The truest of role models Secaucus' Shea combined academics and athletics all the way to Princeton
Aug 17, 2008 | 2056 views | 0 0 comments | 37 37 recommendations | email to a friend | print
Upon graduating from Secaucus High School in June, Ryan Shea decided to take a little vacation and visit Europe for a couple of weeks. Shea visited the sights of Italy, the spectacle of France, and the beauty of Spain, fulfilling a lifelong dream.

"I always wanted to spend time traveling in Europe," Shea said. "It was my graduation gift."

It's safe to say that Shea earned the vacation gift, because there hasn't been an athlete quite like him in Secaucus High School history.

Shea graduated as the valedictorian at Secaucus High in June, with an impeccable 4.56 grade point average out of a possible 4.0 and a Scholastic Aptitude Test score of 2240 out of a possible 2400.

Shea wasn't the first athlete to earn honors as the top student in the graduating class at Secaucus. In fact, Adam Mustafa, who was a fine football player and track athlete at the school, graduated atop the Class of 2007.

"Our track program has been blessed with a lot of top 10 students," said Stan Fryczynski, the long-time Secaucus High track and field coach and athletic director. "Our sport does tend to draw that kind of top student-athlete. But in my mind, Ryan is the crème de la crème. He was quite mature to balance everything in the classroom and in athletics and be good in everything. The fact that he's graduated tops in everything truly makes him very special. Athletes like Ryan are very special. Student-athletes like Ryan are extremely special. He handled the full course load of honors classes, including our science academy, which is extremely demanding.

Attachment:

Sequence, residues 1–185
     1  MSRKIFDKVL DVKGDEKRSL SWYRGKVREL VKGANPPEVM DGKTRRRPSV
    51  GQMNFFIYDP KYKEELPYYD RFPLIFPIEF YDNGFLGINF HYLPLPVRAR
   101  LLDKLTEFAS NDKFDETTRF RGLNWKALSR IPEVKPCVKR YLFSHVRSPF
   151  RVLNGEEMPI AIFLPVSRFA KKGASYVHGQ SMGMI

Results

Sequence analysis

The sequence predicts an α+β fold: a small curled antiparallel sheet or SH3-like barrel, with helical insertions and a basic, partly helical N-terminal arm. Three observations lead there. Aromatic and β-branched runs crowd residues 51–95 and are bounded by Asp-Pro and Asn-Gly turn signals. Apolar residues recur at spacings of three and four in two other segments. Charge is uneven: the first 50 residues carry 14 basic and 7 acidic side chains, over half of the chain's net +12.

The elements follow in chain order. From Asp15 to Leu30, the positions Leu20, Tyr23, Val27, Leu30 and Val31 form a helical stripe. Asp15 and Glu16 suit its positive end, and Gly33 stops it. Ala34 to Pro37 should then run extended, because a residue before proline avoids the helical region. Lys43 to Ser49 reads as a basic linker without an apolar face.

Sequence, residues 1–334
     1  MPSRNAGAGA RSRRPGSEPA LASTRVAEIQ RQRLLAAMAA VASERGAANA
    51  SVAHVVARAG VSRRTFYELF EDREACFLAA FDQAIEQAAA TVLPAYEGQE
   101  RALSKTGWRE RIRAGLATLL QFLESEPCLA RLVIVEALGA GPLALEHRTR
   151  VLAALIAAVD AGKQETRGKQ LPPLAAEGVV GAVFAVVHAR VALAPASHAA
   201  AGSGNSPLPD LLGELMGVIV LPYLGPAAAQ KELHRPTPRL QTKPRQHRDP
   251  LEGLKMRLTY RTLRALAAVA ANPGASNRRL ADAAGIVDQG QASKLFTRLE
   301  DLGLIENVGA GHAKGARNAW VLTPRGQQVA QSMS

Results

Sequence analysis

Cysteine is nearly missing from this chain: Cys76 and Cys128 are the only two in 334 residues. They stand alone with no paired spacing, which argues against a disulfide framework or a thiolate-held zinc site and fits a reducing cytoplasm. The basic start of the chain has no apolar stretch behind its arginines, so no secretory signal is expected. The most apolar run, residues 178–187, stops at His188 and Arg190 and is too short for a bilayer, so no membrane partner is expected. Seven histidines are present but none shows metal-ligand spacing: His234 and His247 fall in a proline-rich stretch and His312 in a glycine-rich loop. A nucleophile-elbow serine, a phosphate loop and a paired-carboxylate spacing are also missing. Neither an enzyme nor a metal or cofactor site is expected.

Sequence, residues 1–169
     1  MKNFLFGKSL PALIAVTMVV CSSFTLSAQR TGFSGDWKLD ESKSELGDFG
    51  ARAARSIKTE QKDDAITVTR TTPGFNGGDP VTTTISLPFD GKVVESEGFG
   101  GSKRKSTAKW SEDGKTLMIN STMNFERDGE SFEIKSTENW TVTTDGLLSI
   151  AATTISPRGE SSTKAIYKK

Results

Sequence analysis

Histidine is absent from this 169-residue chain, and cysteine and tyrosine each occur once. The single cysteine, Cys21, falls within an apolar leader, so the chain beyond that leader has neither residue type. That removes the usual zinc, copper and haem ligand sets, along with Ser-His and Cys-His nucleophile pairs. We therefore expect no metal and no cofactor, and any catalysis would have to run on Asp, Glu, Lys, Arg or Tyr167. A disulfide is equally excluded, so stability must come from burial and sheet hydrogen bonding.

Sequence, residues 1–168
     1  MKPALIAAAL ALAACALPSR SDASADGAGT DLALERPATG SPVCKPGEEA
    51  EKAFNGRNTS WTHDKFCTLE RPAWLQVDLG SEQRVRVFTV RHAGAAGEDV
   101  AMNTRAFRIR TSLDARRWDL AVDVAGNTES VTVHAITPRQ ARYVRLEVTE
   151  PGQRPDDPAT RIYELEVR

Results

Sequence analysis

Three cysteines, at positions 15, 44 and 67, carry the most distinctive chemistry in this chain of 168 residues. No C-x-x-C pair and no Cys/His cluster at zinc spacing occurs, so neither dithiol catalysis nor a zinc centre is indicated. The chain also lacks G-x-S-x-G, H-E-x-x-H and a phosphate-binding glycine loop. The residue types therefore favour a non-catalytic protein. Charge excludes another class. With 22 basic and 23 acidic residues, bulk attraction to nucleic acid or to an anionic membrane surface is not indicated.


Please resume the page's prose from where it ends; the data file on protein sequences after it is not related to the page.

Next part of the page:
Added Fryczynski, "I know for a fact that he would stay up late into the night with his studies. He also was involved in a lot of activities. I really don't know if there are many students like him."

Shea didn't even go out for track and field until he was a sophomore at Secaucus.

"I played soccer my freshman year," Shea said. "I thought I was going to become a soccer player."

But then, Shea's father, Edward, who was a track standout during his days in high school in New York, suggested that Ryan give cross country a try.

"He knew that I had a future in running," Shea said. "He said that I had perfect form. I was actually surprised, because I never ran before. I did much better than I expected. I never thought I could become as good as I did."

Shea eventually became a three-time participant in the NJSIAA North Jersey Section 2, Group I sectionals, leading the Patriots to a top-five team finish all three years. As a senior, Shea was the BCSL National individual champion in cross country and led the Patriots to the league title.

Shea also competed in indoor and outdoor track. As a senior in outdoor, Shea finished fourth in the county in the 1,600 and 3,200-meter runs and earned NJSIAA state sectional medals in both events.